Thermal Imaging at CES - FLIR and Seek Thermalby Ganesh T S on January 25, 2016 8:00 AM EST
- Posted in
- Trade Shows
- Thermal Imaging
- Seek Thermal
- CES 2016
Thermal imaging has become more accessible to the average consumer, thanks to advances in the development of low-cost infrared sensors / microbolometers. FLIR was one of the first to make a breakthrough in this segment with the development of the low-cost Lepton sensor (80x60) that was used in the first-generation FLIR One Thermal Imager for iPhone 5/5s. In the meanwhile, Seek Thermal, a startup, debuted their low-cost microbolometer (206x156) in the Seek Thermal Infrared Camera.
In 2015, FLIR continued to make advancements in the sensor space with the launch of the Lepton 3, a 160x120 microbolometer. This sensor was used in the second-generation FLIR One cameras (including the Android version that we have been using in our reviews of mini-PCs). Seek Thermal, on the other hand, had entered the market with a higher resolution sensor. So, their focus has been on developing new products to widen the appeal / addressable market for that sensor. At CES 2016, FLIR demonstrated a couple of new products based on the Lepton sensors, while Seek Thermal showed the products introduced through the course of 2015.
The FLIR Scout TK is a stand-alone and rugged thermal camera with specifications similar to the FLIR ONE (i.e, the same 160x120 Lepton 3 sensor), but, meant for outdoor use. It comes with storage for photos and videos, and they can be transferred to a computer for further review. The FoV is narrow, meant more for viewing objects / animals up to 90m away. There is a 640x480 LCD display on one end, and the industrial design allows for one handed operation. The intended use-case is outdoor enthusiasts who want to spot wildlife in the night or in low light situations, as well as those interested in personal and home security. The product uses an internal Li-ion battery that is rechargeable. It can support up to 5 hours of continuous operation with a fully charged battery.
The TG130, a entry-level spot thermal camera for home and small businesses. It is based on the first-generation Lepton core (80x60 sensor). It is targeted at home users who want to find out insulation issues (places of heat loss in a house). It can also help in determining correctness of HVAC operation, electrical equipment troubleshooting, and refrigerator maintenance. There is no storage media to record to, as the usage involves pointing and clicking to freeze the image with the temperature being part of the OSD. The product uses 3xAAA batteries. It can support up to 4 hours of continuous operation with one set of fully charged batteries.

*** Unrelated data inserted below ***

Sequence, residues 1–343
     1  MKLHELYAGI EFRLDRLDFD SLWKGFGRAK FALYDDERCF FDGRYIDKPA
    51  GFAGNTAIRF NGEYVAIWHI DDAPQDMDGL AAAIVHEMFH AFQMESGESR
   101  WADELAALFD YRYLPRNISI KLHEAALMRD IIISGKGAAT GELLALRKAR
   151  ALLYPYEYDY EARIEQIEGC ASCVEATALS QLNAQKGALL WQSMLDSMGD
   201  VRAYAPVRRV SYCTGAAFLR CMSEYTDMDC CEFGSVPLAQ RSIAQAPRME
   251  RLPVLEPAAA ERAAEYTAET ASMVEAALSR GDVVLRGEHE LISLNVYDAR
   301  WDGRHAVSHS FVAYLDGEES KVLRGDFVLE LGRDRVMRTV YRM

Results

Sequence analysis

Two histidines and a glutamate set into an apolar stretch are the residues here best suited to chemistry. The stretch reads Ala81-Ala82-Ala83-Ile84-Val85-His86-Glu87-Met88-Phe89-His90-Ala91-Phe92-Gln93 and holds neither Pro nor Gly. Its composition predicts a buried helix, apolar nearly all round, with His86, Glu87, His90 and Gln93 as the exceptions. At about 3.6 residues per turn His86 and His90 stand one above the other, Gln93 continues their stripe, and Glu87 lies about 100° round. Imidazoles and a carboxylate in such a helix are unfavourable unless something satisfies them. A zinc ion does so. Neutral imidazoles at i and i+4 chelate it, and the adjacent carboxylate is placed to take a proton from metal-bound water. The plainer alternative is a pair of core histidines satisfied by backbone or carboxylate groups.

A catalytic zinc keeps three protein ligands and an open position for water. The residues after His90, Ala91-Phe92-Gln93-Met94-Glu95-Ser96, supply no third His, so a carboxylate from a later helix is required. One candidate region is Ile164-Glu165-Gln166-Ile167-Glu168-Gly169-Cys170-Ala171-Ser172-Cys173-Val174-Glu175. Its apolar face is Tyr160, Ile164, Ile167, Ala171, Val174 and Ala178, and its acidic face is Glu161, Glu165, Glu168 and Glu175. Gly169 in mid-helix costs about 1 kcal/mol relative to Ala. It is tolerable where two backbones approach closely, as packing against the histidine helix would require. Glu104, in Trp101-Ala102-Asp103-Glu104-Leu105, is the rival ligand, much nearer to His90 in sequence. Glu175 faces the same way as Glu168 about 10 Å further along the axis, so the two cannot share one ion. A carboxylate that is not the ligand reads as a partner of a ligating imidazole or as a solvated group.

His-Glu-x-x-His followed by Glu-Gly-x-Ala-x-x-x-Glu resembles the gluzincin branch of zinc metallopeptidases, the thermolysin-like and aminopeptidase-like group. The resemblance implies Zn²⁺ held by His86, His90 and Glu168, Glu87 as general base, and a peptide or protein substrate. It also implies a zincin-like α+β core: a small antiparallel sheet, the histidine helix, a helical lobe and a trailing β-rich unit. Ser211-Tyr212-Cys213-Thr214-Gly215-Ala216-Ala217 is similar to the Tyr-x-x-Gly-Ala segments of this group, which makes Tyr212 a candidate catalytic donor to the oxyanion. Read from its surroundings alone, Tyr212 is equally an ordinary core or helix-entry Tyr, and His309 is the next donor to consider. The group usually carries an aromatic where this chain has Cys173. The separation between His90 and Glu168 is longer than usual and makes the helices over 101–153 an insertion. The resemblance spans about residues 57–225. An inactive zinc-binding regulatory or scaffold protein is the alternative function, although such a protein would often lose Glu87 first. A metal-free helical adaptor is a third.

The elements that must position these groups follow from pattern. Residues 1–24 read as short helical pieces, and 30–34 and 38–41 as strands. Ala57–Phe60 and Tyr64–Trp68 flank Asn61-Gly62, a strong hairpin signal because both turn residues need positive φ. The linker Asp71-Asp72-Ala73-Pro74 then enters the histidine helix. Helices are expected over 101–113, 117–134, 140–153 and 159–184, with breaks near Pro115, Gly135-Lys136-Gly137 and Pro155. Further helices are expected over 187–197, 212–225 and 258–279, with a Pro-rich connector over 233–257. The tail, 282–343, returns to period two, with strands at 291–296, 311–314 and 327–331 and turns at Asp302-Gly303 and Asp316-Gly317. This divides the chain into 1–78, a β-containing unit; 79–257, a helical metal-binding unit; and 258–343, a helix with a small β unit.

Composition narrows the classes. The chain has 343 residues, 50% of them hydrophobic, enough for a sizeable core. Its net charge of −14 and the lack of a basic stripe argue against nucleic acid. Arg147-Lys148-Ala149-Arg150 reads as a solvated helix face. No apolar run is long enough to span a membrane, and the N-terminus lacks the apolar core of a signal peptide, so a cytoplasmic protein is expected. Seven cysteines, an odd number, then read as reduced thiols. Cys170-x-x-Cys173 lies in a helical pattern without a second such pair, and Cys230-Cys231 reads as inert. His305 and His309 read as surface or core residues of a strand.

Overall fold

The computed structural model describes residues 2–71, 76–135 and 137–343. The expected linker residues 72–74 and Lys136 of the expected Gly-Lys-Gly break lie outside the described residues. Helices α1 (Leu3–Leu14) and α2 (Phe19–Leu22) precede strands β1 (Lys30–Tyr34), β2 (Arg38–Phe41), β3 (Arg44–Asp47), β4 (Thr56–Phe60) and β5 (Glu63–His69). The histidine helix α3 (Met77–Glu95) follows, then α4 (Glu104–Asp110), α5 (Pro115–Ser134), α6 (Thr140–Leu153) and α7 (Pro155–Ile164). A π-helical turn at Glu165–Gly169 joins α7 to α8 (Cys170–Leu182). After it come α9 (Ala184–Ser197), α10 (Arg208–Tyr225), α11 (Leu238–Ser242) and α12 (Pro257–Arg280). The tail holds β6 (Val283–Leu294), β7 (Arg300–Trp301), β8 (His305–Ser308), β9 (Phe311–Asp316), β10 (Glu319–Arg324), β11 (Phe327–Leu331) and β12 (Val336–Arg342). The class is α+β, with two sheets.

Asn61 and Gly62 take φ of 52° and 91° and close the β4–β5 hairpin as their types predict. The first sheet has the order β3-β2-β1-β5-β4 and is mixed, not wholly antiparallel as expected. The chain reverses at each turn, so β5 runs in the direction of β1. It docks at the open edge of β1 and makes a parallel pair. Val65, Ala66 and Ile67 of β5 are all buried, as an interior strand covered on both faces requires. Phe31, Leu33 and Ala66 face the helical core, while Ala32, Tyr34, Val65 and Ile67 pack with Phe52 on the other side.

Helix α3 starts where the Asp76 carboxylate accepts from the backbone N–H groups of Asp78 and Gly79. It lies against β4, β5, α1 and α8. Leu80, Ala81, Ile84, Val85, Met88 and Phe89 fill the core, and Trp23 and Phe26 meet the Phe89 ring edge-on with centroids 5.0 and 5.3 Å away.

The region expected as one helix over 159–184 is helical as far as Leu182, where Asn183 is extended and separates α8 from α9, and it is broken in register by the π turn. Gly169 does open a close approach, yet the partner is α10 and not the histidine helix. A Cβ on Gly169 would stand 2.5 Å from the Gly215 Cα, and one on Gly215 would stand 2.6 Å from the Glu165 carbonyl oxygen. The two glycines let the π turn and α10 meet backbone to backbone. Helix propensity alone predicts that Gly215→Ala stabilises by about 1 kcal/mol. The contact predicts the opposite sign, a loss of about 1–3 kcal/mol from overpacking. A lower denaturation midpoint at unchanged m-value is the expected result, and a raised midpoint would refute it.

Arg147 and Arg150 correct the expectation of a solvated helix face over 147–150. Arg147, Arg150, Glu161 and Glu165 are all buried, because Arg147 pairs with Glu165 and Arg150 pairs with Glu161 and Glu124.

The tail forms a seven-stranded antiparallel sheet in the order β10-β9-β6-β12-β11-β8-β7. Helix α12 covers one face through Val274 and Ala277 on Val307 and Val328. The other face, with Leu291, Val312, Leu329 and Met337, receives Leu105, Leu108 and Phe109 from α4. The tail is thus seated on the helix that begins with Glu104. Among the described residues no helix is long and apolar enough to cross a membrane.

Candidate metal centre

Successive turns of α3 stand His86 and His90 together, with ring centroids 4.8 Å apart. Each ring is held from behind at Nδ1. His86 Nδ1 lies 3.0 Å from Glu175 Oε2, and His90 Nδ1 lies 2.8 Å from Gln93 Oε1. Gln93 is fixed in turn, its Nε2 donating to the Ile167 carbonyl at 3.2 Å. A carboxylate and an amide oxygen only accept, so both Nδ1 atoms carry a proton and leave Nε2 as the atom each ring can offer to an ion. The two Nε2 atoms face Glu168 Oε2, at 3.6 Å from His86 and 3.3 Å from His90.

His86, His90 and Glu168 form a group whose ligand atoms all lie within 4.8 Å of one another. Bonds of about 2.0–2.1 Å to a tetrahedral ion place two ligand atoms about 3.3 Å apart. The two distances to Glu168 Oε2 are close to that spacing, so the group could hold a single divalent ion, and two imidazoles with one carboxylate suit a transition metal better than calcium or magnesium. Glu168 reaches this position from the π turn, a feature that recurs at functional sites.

At the FLIR booth, we had the chance to see working models of both the Scout TK as well as the TG130 along with a host of other thermal imagers from FLIR targeting the professional market. The Scout TK and TG130 are both slated to ship later this quarter.
The Scout TK will be priced at $599, while the TG130 will be priced more economically at $249 due to the use of the first-generation Lepton sensor and lack of any recording capabilities.
Seek Thermal was showing off the camera models introduced over the course of 2015 at CES. These included the Compact and Compact XR thermal imaging cameras. The Compact is suited for indoor analysis while the Compact XR is suitable for outdoor use. They are both available in iOS and Android versions. The main difference between the first-generation Seek Thermal Infrared camera that we reviewed and the Seek Thermal Compact / Compact XR is the availability of zooming capabilities for better focus on the area of interest in the latter. The availability of the 'optical' zooming feature enables the Compact to have a range of 300m and the Compact XR to have a range of 550m (compared to the 90m range of the equivalent FLIR cameras). The Compact (indoor use) has a 36 degree FoV, while the Compact XR (outdoor use) has a 20 degree FoV.